LOUISVILLE — Without the ability to offer alternative gambling to patrons, the future of Churchill Downs Inc.'s Chicago-area racetrack is in doubt, and the company's flagship Louisville track may further reduce racing dates.
"You can't run on hope," CEO Bob Evans said after the company's annual shareholder meeting Thursday. "If we get to the point where you know 'not racing' is the best answer, well that's the best answer. But we're not starting there, and I hope we don't get there."
Two of the company's four racetracks offer gambling: Calder Casino & Race Course near Miami and Fair Grounds Race Course in New Orleans. But neither Churchill Downs nor Arlington Park in Arlington, Ill., have been allowed to offer slot machines or other gambling alternatives.
Evans said the company is planning an internal review of its four racetracks and said it is difficult to justify racing at tracks that don't have slot machines or other forms of gambling to supplement purses.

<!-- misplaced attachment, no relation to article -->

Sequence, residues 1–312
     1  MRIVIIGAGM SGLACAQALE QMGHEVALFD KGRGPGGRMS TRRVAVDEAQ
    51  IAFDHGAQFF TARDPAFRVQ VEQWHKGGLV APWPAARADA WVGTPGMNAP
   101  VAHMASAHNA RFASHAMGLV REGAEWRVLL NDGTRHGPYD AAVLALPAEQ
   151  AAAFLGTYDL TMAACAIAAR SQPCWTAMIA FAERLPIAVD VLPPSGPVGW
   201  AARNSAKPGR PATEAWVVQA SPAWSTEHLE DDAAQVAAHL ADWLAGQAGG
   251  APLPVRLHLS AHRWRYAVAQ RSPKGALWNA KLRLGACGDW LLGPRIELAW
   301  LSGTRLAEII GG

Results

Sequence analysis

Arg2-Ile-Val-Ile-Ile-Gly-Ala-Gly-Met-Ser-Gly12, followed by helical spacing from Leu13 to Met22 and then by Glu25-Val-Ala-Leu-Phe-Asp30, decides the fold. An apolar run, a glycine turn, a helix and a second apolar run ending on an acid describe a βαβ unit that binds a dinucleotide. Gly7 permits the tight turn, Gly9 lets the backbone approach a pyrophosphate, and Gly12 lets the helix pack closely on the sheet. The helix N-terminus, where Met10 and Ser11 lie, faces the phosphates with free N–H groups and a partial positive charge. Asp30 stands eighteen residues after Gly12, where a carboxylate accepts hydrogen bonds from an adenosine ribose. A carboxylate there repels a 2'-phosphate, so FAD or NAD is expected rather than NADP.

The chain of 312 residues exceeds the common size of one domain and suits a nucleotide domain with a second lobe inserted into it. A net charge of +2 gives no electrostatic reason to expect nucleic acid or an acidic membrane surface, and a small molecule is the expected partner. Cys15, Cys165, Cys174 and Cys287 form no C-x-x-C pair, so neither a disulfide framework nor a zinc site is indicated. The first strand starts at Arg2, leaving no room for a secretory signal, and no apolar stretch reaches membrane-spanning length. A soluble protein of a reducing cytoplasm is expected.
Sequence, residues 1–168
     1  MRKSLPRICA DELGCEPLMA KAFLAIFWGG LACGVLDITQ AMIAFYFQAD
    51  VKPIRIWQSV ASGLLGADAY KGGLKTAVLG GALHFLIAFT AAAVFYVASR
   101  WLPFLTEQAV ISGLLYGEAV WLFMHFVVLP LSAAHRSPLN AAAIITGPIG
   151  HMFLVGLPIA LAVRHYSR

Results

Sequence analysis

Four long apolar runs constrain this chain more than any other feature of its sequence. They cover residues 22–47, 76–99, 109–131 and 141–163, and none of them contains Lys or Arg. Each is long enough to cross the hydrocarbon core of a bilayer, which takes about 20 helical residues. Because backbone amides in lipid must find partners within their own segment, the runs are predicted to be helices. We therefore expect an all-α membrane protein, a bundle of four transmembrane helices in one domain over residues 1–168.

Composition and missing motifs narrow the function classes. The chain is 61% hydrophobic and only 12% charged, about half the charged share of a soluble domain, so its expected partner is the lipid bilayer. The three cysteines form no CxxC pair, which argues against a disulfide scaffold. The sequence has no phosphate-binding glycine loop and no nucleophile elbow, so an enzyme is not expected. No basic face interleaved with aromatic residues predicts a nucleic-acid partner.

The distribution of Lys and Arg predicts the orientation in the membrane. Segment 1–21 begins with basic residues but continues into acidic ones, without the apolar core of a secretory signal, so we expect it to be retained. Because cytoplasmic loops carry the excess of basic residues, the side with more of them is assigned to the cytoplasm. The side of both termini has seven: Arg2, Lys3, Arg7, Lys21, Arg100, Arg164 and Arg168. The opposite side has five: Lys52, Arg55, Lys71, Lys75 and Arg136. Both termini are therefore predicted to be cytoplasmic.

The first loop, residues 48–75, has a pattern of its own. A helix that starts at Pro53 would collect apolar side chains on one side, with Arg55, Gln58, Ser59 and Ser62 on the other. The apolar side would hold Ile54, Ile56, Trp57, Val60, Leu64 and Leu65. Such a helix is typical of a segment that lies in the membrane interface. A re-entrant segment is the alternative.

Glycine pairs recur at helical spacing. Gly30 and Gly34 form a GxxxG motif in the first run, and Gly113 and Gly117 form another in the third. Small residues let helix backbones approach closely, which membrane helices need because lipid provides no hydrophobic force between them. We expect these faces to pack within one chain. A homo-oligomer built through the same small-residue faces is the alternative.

In the case of Arlington, that track does not even have revenue sources like Churchill's marquee events — the Kentucky Oaks and Kentucky Derby.
Evans wouldn't say how long he thought Arlington could avoid dramatic cutbacks. Last week, Arlington announced $725,000 in cuts to stakes purses for 11 races and the elimination of another, citing declines in out-of-state betting.
Last year, racetracks accounted for 53 percent of Churchill's pre-tax profit — down from 88 percent in 2006. Online betting and casino-style gambling accounted for nearly half the revenue last year.
Separately, Evans said Churchill's purchase of the Youbet.com account wagering company that takes bets online and by phone will mean additional jobs in Lexington.
The Lexington call center for Churchill's own account wagering firm, TwinSpires.com, will increase to about 90 full-time jobs from the current 40, he said. Other part-time positions will be added as well.